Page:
Women in Perdition: Ritual Fertility Control in Haiti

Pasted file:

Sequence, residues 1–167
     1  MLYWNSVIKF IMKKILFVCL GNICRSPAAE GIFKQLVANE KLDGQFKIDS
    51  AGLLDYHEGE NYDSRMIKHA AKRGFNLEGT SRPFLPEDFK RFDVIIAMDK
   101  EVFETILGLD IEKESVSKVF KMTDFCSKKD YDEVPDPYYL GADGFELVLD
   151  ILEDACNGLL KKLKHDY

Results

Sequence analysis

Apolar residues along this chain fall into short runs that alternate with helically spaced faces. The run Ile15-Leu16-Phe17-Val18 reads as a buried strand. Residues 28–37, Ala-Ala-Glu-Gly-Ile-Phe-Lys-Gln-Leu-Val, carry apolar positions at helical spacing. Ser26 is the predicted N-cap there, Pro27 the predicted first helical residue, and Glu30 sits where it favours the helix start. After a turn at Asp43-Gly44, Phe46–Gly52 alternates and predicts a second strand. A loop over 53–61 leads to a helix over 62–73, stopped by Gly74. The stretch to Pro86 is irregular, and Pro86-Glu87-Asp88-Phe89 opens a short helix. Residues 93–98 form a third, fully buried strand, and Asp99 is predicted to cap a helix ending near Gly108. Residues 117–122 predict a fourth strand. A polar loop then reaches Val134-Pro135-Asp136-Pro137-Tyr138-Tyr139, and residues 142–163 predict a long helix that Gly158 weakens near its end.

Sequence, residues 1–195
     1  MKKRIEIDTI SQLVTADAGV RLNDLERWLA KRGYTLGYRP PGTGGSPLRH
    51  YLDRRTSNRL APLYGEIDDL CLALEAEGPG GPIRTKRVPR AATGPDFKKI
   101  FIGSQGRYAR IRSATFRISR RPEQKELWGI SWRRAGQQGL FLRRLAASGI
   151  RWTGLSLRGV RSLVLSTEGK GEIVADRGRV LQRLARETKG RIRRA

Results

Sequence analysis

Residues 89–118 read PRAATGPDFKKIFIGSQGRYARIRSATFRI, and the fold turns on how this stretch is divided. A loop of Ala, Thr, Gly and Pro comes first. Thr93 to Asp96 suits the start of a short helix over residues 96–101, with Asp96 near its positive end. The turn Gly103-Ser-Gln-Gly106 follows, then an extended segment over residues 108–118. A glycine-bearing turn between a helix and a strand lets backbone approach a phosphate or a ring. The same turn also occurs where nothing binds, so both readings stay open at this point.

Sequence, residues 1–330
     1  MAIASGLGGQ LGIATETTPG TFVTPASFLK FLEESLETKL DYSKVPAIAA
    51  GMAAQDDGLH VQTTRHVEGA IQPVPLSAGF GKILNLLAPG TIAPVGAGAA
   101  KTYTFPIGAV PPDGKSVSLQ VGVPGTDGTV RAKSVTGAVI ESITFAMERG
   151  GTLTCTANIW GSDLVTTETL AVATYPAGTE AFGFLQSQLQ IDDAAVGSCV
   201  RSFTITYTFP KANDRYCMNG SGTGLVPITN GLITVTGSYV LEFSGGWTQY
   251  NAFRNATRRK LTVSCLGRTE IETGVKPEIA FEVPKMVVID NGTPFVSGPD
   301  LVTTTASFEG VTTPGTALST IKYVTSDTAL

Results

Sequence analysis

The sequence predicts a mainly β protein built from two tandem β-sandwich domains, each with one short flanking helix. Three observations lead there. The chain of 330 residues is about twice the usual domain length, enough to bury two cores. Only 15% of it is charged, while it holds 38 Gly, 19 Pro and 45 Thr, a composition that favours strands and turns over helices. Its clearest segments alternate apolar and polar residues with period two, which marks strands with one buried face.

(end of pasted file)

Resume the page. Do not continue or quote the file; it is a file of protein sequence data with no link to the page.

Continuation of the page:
In the context of almost total national isolation after 1804, the Haitian peasantry has had to call on its own resources for the development of folk institutions and theories to handle the gamut of problems that confront all human societies.' The economic and social isolation which has characterized, and to a degree still characterizes, Haiti as a national unit has meant, among other things, that the rural populace has remained outside of the currents of modern medicine. The protection and healing of the human body have continued to be handled by herb medicine and by a bewilderingly rich body of ritual and folk practice.

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